The Practical Effects Of The Queensland Econveyancing Mandate

The Practical Effects Of The Queensland Econveyancing Mandate

Victoria, New South Wales, South Australia and Western Australia have made eConveyancing mandatory for certain lantitle transactions, and Queensland is soon to follow. The new Land Title Regulation 2022 will commence in early 2023 and replace the current Land Title Regulation 2015 in Queensland. The Regulation reflects the existing position in several other states and reflects modern conveyancing practises by introducing mandatory electronic conveyancing (eConveyancing) for property transactions.


Electronic conveyancing (or eConveyancing) is settling a conveyancing or property transaction electronically through an Electronic Lodgement Network Operator (‘ELNO’).

eConveyancing offers substantial benefits and efficiencies and replaces many paper and manual processes presently used in conventional property transactions.

Some eConveyancing benefits include:

  • Confirmation of registration and lodgement – you will receive instant confirmation of your lodgement and be alerted once the transaction is settled
  • Financial settlement – the ability to settle transactions securely and pay disbursements and fees
  • Requisitions – verifications and checks built into the eConveyancing system should significantly minimise the number of requests
  • Number of settlements – you can settle multiple transactions at the same time


From 20 February 2023, according to the Land Title Regulation 2022 (‘LTR’), Electronic conveyancing (or eConveyancing) is mandatory in Queensland. Certain documents and instruments (‘Required Instruments’) must be digitally prepared, signed and lodged using an Electronic Lodgement Network unless there is a recognised exception or exclusion.

Subscribers can lodge the required instruments or documents with either of the two approved ELNOs in Queensland – Property Exchange Australia Limited and Sympli Australia Pty Ltd. Please note that not all the necessary instruments are available through each ELNO, and each party to the transaction must use the same ELNO.

A crucial part of e-conveyancing is that law firms and financiers must identify their clients. Identification requires a minimum level of original photo identification and a face-to-face meeting to confirm that the client’s identity corresponds with their identification. Potential sellers and buyers (including directors of companies in commercial transactions) should be considering now whether:

  1. they have sufficient original identification to satisfy the verification of identity requirements (see below)
  2. all identification “matches”, e.g. the same name appears on all documents and is spelled correctly and consistently
  3. the identification is current

Under the current REIQ Contracts, eConveyancing is only eligible if all parties agree. Once that agreement is reached, a party may withdraw from an electronic settlement up to 5 business days before the scheduled settlement date. However, once the mandate comes in, the electronic settlement will be compulsory for all dealings and documents approved for eConveyancing unless an exception applies.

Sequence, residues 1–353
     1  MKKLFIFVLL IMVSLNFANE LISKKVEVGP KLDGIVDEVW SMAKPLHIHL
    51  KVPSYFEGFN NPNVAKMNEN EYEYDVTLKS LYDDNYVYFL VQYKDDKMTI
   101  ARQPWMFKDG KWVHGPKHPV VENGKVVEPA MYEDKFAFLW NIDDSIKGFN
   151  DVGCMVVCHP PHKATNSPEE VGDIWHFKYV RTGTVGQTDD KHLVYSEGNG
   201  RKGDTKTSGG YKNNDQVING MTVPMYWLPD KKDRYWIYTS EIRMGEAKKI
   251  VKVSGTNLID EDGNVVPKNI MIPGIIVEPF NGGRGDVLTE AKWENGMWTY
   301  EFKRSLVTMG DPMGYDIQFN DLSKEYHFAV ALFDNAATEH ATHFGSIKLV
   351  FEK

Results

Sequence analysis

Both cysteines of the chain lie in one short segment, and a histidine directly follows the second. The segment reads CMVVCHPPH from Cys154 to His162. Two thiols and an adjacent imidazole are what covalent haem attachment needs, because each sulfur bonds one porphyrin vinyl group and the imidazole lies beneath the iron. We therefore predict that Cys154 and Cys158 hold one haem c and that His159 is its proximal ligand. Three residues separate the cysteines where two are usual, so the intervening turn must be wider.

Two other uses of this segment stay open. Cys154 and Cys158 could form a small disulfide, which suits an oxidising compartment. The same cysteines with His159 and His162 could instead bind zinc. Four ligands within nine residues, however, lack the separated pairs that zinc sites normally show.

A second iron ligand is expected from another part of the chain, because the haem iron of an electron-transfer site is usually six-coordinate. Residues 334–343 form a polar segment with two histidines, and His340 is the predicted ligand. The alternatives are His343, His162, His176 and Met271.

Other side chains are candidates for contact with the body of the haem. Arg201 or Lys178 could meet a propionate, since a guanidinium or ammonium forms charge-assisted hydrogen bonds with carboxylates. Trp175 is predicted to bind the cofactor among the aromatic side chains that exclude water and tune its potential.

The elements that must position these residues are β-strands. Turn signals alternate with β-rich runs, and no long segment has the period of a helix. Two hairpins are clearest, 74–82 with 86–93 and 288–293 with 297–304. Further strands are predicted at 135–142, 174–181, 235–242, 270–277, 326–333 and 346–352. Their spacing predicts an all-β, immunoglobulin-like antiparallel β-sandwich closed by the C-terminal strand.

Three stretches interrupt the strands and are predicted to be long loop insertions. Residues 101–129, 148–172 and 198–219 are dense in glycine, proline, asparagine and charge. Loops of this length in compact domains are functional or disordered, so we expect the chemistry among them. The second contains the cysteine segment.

Under section 4 of the LTR, the types of documents that are defined as Required Instruments and must be lodged via eConveyancing include:

  • Transfer documents
  • Mortgage documents
  • Priority notices
  • Withdrawal of priority notices
  • Extension of priority notices
  • Caveats
  • Withdrawal of Caveats
  • Applications to be registered as a personal repetitive for an owner of a property who has deceased


However, not all Required Instruments can or are permitted to be lodged using an Electronic Lodgement Network (ELN).

Under section 5(2) of the LTR, electronic lodgement is exempt where:

(a)       the instrument cannot be prepared using an ELNO due to the ELN not having the functionality to lodge such an instrument

(b)       the Land Registry does not have the functionality to accept and process the instrument

(c)       on the day of lodgment, an instrument is not lodged due to circumstances beyond the subscriber’s control

(d)       another instrument that cannot be electronically lodged is lodged with the Required Instrument

(e)       the instrument is lodged by a person who is not a subscriber to an ELNO and does not have a law firm acting for them.

Further, you can find additional general exclusions to eConveyancing on the Title’s Qld website. These exclusions may include where the registered owner is a minor or has a name suffix.

If exempted, it is possible to lodge paper documents instead. If a party has executed a property transaction the mandatory commencement date, the transaction can still be paper lodged.


At Ramsden Lawyers, we believe in doing everything possible to ensure seamless property transactions.

As a firm that prioritises innovation to ensure our clients receive the best customer service experience possible, we are pleased to see Queensland aligning with other states and territories regarding eConveyancing.

We understand that buying and selling property can be some of the most stressful times in people’s lives, and we aim to take the stress out of the event so that people can enjoy their new property and move on with their life.

If you are a self-lodger, you will not be required to use eConveyancing. However, if you are a subscriber to an ELNO or have engaged a law firm, your transaction will need to be conducted using eConveyancing.

At Ramsden Lawyers, we subscribe to eConveyancing through approved ELNO, Property Exchange Australia Ltd more commonly referred to as PEXA.

Please contact us to find out more about the mandate or for assistance with your conveyancing or property transaction.

This article’s content is intended to provide general guidance on the subject matter and must not be relied on as legal advice. You should seek specific advice about your circumstances.